Anne Fausto-Sterling, general editor
232 pages, 5 figs., 6 x 9, index
cloth 0-253-33916-2 $34.95 L /
Building on the Leopold Legacy
Van Rensselaer Potter created and defined the term "bioethics" in 1970, to describe a new philosophy that sought to integrate biology, ecology, medicine, and human values. Bioethics is often linked to environmental ethics and stands in sharp contrast to biomedical ethics. Because of this confusion (and appropriation of the term in medicine), Potter chose to use the term "Global Bioethics" in 1988. Potter's definition of bioethics from Global Bioethics is, "Biology combined with diverse humanistic knowledge forging a science that sets a system of medical and environmental priorities for acceptable survival."
The Predicament of Common Responsibility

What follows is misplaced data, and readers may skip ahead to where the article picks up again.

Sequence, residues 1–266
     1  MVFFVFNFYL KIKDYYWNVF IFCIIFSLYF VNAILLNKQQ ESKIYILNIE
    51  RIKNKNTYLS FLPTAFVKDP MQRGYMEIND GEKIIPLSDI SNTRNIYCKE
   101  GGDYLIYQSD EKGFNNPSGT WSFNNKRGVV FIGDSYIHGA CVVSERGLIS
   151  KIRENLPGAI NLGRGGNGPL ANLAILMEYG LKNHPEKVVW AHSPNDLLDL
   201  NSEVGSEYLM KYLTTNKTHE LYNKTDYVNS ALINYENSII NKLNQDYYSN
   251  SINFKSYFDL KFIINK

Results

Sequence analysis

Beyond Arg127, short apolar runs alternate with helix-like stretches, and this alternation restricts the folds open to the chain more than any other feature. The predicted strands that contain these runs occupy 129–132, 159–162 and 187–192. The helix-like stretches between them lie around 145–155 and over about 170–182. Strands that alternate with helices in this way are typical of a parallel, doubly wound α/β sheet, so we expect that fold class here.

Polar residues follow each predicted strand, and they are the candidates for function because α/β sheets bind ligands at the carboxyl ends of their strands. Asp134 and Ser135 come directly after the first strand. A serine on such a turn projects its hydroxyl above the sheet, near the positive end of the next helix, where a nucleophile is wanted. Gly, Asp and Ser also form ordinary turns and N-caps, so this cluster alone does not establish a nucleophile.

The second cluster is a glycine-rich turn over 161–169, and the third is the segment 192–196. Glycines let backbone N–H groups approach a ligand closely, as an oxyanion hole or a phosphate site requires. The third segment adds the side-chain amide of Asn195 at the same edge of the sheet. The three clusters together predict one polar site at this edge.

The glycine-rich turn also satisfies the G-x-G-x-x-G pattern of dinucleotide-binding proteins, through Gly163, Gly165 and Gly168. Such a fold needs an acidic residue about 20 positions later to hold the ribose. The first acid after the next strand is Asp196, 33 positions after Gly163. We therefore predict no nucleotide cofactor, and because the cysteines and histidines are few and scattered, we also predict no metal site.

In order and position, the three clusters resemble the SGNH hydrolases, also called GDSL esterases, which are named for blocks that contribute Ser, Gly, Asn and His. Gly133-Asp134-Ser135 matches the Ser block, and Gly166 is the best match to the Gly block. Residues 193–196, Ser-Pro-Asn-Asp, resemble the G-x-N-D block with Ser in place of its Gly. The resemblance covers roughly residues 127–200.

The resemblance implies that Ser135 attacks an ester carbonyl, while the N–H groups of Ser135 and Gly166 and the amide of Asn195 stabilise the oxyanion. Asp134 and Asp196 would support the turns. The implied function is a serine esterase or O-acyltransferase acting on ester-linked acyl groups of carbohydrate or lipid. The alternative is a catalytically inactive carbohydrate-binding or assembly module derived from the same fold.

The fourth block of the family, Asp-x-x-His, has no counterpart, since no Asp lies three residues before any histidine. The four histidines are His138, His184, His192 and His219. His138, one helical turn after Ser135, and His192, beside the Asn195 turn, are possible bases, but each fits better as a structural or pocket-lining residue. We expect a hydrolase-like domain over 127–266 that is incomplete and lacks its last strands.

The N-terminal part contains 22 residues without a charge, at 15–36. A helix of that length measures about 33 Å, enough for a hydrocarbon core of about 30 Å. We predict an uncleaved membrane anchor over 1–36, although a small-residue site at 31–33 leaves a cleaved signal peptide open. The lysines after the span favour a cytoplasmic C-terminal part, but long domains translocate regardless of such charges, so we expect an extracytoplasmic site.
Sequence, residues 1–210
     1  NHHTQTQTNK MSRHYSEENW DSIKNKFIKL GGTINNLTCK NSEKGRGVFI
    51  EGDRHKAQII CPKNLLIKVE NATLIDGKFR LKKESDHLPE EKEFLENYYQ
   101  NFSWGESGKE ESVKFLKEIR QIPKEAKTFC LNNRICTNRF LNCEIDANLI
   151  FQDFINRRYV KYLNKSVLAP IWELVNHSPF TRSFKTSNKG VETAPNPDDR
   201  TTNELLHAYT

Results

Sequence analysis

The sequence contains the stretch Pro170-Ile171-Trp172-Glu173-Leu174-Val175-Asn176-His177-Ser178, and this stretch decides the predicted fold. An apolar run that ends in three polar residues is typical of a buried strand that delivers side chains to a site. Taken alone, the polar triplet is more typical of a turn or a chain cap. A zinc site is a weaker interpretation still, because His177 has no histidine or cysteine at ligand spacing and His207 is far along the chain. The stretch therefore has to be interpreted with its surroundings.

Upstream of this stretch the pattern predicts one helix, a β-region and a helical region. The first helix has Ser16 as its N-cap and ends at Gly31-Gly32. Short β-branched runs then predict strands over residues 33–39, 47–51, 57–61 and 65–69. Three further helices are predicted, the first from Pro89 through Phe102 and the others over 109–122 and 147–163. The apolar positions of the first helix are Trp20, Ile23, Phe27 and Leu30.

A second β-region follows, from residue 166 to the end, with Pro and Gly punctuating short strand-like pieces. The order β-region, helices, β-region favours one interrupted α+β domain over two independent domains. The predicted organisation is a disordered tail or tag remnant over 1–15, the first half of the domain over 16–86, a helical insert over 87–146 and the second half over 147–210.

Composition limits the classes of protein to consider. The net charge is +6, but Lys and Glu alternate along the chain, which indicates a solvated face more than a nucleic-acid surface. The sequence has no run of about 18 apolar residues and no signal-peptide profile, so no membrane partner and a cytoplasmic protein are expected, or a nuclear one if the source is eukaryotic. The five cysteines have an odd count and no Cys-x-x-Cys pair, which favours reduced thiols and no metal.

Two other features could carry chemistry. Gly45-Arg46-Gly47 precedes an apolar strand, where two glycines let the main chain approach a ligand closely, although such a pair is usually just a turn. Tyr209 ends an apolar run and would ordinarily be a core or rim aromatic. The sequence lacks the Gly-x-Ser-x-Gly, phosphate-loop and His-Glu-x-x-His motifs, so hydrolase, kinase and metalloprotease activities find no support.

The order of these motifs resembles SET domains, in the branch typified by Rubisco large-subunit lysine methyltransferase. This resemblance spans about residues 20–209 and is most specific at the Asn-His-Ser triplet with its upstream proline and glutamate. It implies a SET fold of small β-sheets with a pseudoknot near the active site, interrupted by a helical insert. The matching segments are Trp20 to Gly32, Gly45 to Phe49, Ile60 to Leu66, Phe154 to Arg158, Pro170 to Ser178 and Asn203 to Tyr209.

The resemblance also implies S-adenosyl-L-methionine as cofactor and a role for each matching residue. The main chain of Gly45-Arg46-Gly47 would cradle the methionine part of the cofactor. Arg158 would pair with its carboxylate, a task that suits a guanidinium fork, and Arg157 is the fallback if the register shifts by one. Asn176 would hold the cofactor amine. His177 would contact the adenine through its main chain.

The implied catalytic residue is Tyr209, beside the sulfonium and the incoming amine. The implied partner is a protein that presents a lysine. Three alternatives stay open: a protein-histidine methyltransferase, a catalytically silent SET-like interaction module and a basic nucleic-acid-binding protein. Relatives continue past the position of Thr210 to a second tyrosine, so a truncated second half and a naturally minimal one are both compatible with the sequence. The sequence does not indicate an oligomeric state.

"Peg Birmingham's reading of Arendt's work is absolutely unique. She seeks nothing less than an ontological foundation of the political, and in particular, the notion of human rights." -- Bernard Flynn, The New School for Social Research
Hannah Arendt's most important contribution to political thought may be her well-known and often-cited notion of the "right to have rights." In this incisive and wide-ranging book, Peg Birmingham explores the theoretical and social foundations of Arendt's philosophy on human rights. Devoting special consideration to questions and issues surrounding Arendt's ideas of common humanity, human responsibility, and natality, Birmingham formulates a more complex view of how these basic concepts support Arendt's theory of human rights. Birmingham considers Arendt's key philosophical works along with her literary writings, especially those on Walter Benjamin and Franz Kafka, to reveal the extent of Arendt's commitment to humanity even as violence, horror, and pessimism overtook Europe during World War II and its aftermath. This current and lively book makes a significant contribution to philosophy, political science, and European intellectual history.